with manioc and milk sauce to take the edge off the salt) and sopa de feijão (bean
soup with floating UPO—Unidentified Pigs’ Organs).


Lençóis lies in a gorgeous, wooded mountain region—the Chapada
Diamantina—an oasis of green in the dusty sertão. You’ll find solitude, small
towns steeped in the history and superstition of the garimpeiros (prospectors), and
great hiking to peaks, waterfalls and rivers. If you want to see something different, and
have time for only one excursion into the Northeastern interior, this is the one.

The natural beauty of the region and the tranquillity of the small, colonial towns has
attracted a steady trickle of travelers for several years; some have never left. These new
residents have spearheaded an active environmental movement that successfully lobbied the
government to declare the region a national park.


The history of Lençóis epitomizes the story of the diamond boom and bust. After
earlier expeditions by bandeirantes proved fruitless, the first diamonds were found
in Chapada Velha in 1822. After large strikes in the Rio Mucugê in 1844, prospectors,
roughnecks and adventurers arrived from all over Brazil to seek their fortunes.

Garimpeiros began to work the mines, searching for diamonds in alluvial
deposits. They settled in makeshift tents which, from the hills above, looked like sheets
of laundry drying in the wind—hence the name of Lençóis (Portuguese for sheets).
The tents of these diamond prospectors grew into cities: Vila Velha de Palmeiras,
Andaraí, Piatã, Igatu and the most attractive of them all, the stone city of Lençóis.
Exaggerated stories of endless riches in the Diamantina mines precipitated mass
migrations, but the area was rich in dirty industrial stones, not display-quality gems.

At the height of the diamond boom, the French—who purchased diamonds and used them
to drill the Panama Canal ( 1881-89), St Gothard Tunnel, and London Underground—built
a vice consulate in Lençóis. French fashions and bon mots made their way into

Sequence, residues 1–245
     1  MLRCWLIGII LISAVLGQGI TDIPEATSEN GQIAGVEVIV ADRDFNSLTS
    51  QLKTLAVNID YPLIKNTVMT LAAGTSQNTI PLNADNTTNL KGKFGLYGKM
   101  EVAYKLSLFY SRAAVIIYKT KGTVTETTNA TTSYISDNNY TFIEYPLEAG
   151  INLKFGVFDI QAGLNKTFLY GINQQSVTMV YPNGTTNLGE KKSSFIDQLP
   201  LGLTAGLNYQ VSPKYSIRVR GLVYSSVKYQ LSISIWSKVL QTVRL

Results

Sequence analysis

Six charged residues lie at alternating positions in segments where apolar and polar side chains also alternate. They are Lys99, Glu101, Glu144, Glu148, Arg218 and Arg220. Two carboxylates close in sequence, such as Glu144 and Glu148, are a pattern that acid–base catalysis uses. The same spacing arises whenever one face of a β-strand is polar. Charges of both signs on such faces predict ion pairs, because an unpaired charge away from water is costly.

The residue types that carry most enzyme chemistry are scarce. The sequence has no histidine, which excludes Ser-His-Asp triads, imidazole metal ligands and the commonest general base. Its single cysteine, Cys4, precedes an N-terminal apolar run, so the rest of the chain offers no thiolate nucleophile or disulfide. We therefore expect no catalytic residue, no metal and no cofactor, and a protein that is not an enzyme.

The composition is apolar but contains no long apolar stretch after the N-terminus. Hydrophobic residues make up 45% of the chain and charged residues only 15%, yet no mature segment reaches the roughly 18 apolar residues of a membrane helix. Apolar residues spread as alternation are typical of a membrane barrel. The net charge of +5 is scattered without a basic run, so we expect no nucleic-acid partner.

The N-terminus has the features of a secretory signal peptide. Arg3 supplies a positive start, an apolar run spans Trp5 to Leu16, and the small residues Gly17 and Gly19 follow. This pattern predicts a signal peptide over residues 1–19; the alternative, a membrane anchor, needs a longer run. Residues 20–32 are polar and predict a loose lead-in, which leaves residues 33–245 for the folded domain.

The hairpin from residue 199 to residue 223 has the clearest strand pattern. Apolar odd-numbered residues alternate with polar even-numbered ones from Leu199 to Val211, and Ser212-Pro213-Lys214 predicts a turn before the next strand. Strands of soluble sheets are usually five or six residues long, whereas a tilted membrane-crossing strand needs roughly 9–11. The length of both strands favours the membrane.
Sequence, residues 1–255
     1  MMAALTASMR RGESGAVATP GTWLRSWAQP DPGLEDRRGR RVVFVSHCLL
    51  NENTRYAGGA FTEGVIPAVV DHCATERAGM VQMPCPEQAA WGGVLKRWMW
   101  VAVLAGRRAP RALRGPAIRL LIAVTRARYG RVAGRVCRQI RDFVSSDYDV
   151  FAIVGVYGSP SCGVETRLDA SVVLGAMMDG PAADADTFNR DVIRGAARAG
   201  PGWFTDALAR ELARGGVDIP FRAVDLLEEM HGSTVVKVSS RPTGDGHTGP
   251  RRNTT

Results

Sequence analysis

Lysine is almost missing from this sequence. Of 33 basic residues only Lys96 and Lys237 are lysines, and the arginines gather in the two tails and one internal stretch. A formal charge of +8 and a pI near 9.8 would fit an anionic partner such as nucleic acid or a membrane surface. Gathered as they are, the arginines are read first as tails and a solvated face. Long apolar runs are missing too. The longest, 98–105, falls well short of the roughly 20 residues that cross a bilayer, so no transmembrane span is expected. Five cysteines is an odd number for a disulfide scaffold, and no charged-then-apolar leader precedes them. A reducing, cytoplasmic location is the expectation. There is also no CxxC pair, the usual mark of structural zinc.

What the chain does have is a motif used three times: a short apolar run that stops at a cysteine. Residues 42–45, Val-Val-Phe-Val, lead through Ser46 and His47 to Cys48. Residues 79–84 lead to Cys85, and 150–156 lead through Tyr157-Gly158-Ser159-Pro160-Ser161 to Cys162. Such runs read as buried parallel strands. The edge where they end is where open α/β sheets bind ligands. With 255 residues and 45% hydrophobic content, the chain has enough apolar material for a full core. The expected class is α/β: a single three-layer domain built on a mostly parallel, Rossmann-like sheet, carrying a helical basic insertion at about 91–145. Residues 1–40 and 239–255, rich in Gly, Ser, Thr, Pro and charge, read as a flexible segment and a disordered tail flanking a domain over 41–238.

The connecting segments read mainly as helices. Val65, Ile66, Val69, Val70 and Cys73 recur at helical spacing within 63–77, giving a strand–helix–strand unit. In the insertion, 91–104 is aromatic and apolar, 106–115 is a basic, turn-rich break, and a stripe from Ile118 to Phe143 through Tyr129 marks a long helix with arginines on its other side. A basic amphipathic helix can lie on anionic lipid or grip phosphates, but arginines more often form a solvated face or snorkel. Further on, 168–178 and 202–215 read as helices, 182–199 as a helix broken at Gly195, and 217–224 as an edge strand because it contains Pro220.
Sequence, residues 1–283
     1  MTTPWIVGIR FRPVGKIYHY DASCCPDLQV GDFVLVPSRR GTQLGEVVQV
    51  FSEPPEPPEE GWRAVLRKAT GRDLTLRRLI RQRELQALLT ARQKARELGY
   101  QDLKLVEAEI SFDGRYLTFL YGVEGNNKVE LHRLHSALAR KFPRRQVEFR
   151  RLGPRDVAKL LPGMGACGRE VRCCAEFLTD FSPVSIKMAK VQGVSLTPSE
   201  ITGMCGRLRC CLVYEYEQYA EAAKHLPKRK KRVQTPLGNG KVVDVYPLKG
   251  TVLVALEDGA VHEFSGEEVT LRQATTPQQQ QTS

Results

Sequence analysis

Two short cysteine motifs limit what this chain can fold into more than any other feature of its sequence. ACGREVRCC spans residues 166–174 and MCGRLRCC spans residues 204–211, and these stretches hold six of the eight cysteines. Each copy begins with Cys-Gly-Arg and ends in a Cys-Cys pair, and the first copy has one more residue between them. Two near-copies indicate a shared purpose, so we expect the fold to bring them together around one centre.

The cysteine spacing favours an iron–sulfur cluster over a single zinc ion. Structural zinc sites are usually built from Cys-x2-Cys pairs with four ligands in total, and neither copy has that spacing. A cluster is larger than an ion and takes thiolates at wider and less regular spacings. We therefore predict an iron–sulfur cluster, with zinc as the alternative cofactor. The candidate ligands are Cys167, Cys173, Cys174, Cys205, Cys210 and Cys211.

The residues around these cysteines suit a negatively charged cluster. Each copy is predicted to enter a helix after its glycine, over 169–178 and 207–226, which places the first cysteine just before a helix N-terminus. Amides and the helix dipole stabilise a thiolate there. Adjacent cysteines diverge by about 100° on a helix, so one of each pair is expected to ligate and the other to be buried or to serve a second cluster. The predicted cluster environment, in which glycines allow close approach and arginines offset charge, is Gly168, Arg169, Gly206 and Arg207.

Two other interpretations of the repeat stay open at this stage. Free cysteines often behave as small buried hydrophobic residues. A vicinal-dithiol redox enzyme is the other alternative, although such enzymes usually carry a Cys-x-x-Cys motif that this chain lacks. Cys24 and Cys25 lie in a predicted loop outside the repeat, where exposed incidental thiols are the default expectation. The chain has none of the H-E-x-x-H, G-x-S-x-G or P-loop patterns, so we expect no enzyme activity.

town, but with the depletion of diamonds, the fall-off in French demand (and subsequently
the fail in diamond prices on the international market), the abolition of slavery, and the
newly discovered South African mines, the boom went bust at the beginning of the 20th

The town’s economy has long since turned to coffee and manioc cultivation, and to
tourism. But diamonds are what the locals still dream of. The last few garimpeiros are
using powerful and destructive water pumps to wrench diamonds from the riverbeds.


According to geologists, the diamonds in Chapada Diamantina were formed millions of
years ago near present-day Namibia. Interestingly, Bahia was contiguous to Africa before
the continental drift. The diamonds were mixed with pebbles, swept into the depths of the
sea—which covered what is now inland Brazil—and imprisoned when the
conglomeration turned to stone. With the formation of Chapada Diamantina this layer of
conglomerate stone was elevated, and the forces of erosion released the trapped diamonds
which were then brought to rest in the riverbeds.


The Secretaria de Turismo Lençóis has a tourist office (Tel.: 334-1121) on Avenida
Senhor dos Passos. The office can help with accommodation and has photographs of the main
attractions in the Chapada Diamantina.

The enthusiastic young guides that hang around the tourist office can be useful for day